Postpartum Depression

I briefly discussed dealing with  postpartum depression (PPD)before, but little did I know then that I would have it ten times worse with the birth of my second child.

I knew something wasn’t right when I was pregnant, when I was getting agitated over the stupidest things.  It only took one dinner, where I threw a 4-year-old tantrum because my husband cooked the potatoes with garlic and onions, to really let me know that I needed help.   I spoke to the doctor about being agitated, being blue, and not really being interested in anything and we decided that the best thing for me was to go on medication.  It only took one day to start to feel the difference.  That is when I realized how bad it was.

Fast forward a few months and what I thought was bad then had been nothing in comparison to what I going through now.   I kept thinking to myself that because I didn’t want to kill myself, or harm my children it must not be that bad.  I was just out of it.  I didn’t want to do anything.  I only wanted to be with my son, when he was in a good mood, or be into whatever my mind was wrapped around.  I knew I had PPD, but I just thought that I needed a little space and that would give me the relaxation that I would need or I just need to muddle through because it was called being a mother.  Boy was I wrong!  Parenting is hard work it is truly a 24 hour job with no breaks, but for someone dealing with PPD the small things that come with having children can be overwhelming.

Some days I am doing great and I feel almost normal, while other days, I would prefer to have to deal with my children by myself because I can become easily irritated and annoyed by the smallest things.   Those days where it is bad, I only have enough energy to get through the day doing the most basic things possible.  But when I have a good day, it is a really good day.  I am able to get things done around the house and enjoy being around my children.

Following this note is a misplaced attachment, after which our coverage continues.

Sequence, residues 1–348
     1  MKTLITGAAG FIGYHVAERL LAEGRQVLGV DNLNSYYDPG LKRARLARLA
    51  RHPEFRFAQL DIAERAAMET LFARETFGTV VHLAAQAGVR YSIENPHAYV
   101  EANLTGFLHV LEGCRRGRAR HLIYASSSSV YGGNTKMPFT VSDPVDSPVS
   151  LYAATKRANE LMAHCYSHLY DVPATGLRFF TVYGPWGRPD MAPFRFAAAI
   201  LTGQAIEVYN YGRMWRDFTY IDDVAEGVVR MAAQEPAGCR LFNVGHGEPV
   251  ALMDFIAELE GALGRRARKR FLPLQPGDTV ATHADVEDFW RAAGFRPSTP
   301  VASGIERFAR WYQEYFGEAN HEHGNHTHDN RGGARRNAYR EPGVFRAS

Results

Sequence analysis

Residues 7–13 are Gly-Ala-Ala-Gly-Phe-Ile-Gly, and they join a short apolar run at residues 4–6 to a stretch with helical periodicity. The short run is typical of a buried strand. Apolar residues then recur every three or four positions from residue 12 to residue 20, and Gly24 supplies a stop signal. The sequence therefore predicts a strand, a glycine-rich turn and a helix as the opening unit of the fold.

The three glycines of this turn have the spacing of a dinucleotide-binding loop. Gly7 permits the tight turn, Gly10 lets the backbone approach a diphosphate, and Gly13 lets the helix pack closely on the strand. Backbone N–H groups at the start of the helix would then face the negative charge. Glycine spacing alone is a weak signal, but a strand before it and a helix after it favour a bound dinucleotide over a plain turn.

So what have I learned?  I have learned that I am not perfect and I don’t have to be, that my son and daughter don’t care if the house is perfect as long as it is safe, that I need to directly ask for help when I need it, that it is okay not to have a good day and most importantly I am only human.  I am only one person.  I can only be the best that I can be and I need to stop comparing myself to others.

I think that the hardest part to dealing with PPD is hearing other parents tell me how I should parent.  Remember, when you talk to someone you only see what they want you to see.  You only see the outside of the picture, not the inside.  You have no idea what they are going through.

If you have any questions or concerns please email me.  If you feel like you may have PPD please do not hesitate to seek help.  You are not alone and you don’t have to go through this alone.

Ashley (Nov 2012)

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